was quite ad hoc across the enum values and various functions that used
    them.  Second, and more importantly in my mind, the enum-based
    implementation led in a very non-clean way to implicit int and bool
    casts, and a very ad hoc semantics for this type, especially in its
    interaction with boolean expressions. Taken as a three-valued logic, it
    is very weird. The law of the excluded middle *is* valid (in the sense
    that `p || !p` is always true), but double negation elimination is *not*
    valid (i.e. `!!p != p`); the weaker double negation inference `!!!p ==
    !p` does hold conceivably classing it with some paraconsistent logics,
    though I haven't found an exact analogue (see [1], though this logic
    doesn't much resemble L8 there, which has the same double negation
    pattern). At a practical level this ad hoc nature made mixing with bools
    in both directions weird and somewhat error prone; aside from the above
    concerns (which essentially result from MB_MAYBE implicitly casting to
    `true`), `true` would cast to the enum value MB_MAYBE, leading to clunky
    conversion code in a lot of places, needing to always use MB
    constants, and error-prone comparison with regular bools.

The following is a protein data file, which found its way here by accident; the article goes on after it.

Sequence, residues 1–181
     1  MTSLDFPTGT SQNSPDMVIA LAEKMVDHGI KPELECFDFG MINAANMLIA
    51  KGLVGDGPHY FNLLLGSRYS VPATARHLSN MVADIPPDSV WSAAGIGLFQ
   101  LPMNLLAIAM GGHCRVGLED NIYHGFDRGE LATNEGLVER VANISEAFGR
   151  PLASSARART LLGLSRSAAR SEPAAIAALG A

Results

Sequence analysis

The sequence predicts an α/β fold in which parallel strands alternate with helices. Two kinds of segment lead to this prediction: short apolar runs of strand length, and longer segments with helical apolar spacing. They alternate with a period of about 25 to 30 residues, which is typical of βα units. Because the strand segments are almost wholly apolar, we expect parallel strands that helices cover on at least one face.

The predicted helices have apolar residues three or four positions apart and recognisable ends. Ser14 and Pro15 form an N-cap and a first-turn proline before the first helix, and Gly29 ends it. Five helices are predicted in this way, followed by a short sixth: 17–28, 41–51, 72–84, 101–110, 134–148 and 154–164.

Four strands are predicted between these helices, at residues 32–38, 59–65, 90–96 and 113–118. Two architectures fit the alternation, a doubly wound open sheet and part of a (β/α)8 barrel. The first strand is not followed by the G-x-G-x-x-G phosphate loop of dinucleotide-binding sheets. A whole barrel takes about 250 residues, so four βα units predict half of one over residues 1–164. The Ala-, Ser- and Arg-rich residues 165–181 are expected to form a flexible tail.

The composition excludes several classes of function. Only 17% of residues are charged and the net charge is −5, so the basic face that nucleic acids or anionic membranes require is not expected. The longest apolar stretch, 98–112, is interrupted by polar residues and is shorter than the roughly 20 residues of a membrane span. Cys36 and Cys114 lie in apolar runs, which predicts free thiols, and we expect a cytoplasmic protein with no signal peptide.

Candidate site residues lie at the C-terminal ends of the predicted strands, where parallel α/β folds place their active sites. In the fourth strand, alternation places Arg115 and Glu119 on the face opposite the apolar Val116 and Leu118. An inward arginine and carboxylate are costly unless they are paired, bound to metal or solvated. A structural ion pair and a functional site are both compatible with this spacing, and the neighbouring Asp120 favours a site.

This commit tries to systematize things more cleanly, albeit with a much
    more complicated implementation. The underlying data type does still
    amount to a fancy enum (now an enum class), but it's wrapped with a more
    clearly defined class, largely inspired by boost's logic::tribool.  (I
    considered whether importing one of the various "`optional` but for
    c++11" packages out there might be a solution, but ultimately rejected
    this, because these classes tend to have an even weirder, for a
    bool-based type, set of implicit conversions to bool). A `bool`
    constructor is provided making it generally safe to use `true` and
    `false` as e.g. return values, and an explicit cast to bool is provided
    that has a better default than MB_MAYBE->true. (In some cases, this may
    be the desired semantics, of course, but this is still doable via
    `to_bool` or direct checks against false.) The operator semantics is
    based on the standard "Strong Kleene" three-valued logic operators,
    which provide a (imo) very sensible set of defaults for a three-valued
    logic. Note that because of the existence of the bool operator, this
    won't let you mix `maybe_bool`s in logical expressions together with
    bools without some explicit casting one way or the other.  The
    implementation is nearly (but not quite) purely header-based.
    As part of this commit, I have implemented everything as a
    back-compatibility layer and purely just tried to clarify the semantics
    of various instances of maybe_bool in cases where it did get an implicit
    conversion. The bulk of this is around `can_wear_item` which does tend
    to treat its maybe return as truth-y.  A future commit will convert
    MB_TRUE etc into their `maybe_bool::t` etc equivalents.
    [1] Kamide 2013, A Hierarchy of Weak Double Negations, Studia Logica 101.6

Many thanks also to Sastreii and CanOfWorms for contributing many new tiles over this period, including spell icons, artefact art, Shrek, and more.

Thanks also to all the community members who’ve contributed over the last few months, who I am too tired to credit in full. In particular, check out what SpinningBird sent us!

Happy crawling! Stay serious out there.